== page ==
Irish patients ‘dying while waiting’ for Hepatitis C drugs

Consultant calls on HSE to release funding for new treatment with 96% cure rate

 Minister for Health Leo Varadkar: “The early access programme has produced really good results.” Photograph: Cyril Byrne

Minister for Health Leo Varadkar: “The early access programme has produced really good results.” Photograph: Cyril Byrne

 

Hepatitis C patients are dying while waiting for the Government to roll out a national treatment programme that can cure them, a doctor who treats the sickest of these patients has said.

Dr Diarmaid Houlihan, consultant hepatologist at St Vincent’s hospital in Dublin, called on the HSE to release the funding so the national phased treatment programme could begin.

The revolutionary hepatitis C combination treatments can cure about 96 per cent of patients within three months.

The HSE National Service Plan for 2015 has been provided with €30 million to begin the phased rollout of the treatment programme and treat at least 400 people with severe liver disease.

However the funding has yet to be released, even though negotiations with four manufacturers of the new treatments have finished.

“It is extremely disappointing. We have been ready to go for some months. There is unease among clinicians that we haven’t started yet. How many will suffer because of these delays? I’ve had experience of it already and around the country it’s happening too,” Dr Houlihan said.

“Sadly we have had a very real mortality toll on our waiting list in 2014 and 2015. About 10 to 15 per cent on the list die waiting annually.”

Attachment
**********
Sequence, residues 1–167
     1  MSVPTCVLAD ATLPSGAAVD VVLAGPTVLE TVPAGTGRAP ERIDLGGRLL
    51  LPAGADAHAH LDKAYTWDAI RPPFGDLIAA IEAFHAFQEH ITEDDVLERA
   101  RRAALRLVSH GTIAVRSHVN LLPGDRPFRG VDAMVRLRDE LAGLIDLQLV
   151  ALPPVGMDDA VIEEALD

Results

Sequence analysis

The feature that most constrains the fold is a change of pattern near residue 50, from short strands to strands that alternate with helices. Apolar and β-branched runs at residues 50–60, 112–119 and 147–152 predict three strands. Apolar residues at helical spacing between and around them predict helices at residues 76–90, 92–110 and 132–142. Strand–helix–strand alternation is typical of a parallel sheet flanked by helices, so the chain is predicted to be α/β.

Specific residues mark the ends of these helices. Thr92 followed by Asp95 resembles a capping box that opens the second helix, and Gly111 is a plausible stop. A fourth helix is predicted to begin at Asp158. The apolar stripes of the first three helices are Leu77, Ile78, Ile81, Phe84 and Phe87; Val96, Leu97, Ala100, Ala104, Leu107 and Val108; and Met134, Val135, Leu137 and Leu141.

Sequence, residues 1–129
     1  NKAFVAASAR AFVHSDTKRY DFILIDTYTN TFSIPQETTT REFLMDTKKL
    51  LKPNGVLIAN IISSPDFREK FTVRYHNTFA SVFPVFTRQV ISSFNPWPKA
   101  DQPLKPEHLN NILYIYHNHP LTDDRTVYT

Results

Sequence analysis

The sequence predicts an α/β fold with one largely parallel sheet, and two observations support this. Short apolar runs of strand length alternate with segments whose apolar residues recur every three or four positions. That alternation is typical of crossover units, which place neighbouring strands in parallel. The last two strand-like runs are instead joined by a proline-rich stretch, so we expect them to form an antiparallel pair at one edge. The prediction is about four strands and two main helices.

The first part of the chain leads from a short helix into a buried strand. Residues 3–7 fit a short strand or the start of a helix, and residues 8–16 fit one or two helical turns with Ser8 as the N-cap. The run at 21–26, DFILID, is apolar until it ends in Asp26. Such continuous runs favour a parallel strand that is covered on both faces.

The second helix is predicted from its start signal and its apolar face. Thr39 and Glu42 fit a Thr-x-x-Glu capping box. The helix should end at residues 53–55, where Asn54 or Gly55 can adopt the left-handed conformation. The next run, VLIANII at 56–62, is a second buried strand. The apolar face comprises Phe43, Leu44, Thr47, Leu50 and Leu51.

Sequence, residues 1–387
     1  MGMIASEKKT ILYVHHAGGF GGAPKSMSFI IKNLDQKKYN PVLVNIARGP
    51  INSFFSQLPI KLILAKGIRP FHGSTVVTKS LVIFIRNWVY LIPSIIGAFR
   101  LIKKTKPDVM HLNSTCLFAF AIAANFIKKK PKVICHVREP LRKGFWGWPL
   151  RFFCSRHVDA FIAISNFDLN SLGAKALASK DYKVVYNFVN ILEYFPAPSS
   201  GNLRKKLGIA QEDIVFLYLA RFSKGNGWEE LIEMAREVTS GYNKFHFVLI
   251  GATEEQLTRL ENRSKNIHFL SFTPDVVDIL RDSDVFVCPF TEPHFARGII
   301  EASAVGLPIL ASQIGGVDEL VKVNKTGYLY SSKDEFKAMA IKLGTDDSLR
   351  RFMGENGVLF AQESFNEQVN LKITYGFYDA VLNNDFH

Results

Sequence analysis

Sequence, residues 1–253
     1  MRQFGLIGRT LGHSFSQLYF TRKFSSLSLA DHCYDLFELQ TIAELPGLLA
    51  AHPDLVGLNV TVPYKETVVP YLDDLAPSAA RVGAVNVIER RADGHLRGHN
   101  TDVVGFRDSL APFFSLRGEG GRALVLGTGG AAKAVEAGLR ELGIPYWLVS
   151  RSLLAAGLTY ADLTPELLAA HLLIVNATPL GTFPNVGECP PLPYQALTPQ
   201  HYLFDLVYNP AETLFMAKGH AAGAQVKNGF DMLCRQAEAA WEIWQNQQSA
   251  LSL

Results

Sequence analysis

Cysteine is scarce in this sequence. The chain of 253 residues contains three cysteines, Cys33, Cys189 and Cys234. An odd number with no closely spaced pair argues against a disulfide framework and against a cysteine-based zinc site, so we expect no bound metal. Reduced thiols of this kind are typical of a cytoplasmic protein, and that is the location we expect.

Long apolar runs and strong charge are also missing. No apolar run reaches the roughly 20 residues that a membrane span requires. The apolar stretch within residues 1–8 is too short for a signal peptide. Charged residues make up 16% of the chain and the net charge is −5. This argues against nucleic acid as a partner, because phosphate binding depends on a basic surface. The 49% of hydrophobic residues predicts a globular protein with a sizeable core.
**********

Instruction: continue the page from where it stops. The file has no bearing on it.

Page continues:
Already cured

The HSE told The Irish Times it was continuing to work collaboratively with the Irish Hepatitis C Outcomes Research Network (ICORN) group in ensuring that any patients requiring treatment would be provided with it.

Minister for Health Leo Varadkar said: “The early access programme has produced really good results. I got the figures back from ICORN the other day and they have really exceptional results and they have been authorised to go on to the next group of people based on clinical need.

“The actual programme itself hasn’t been approved but I expect that to go to Government in the next couple of weeks.”

While the reimbursement price has not yet been revealed, treatment is expected to cost in the region of €50,000 per patient. Three hepatitis C patients with serious liver disease attending St Vincent’s have already paid privately for the drugs. One patient mortgaged his house and ended up paying more than €100,000 to be treated over 16 weeks, Dr Houlihan revealed.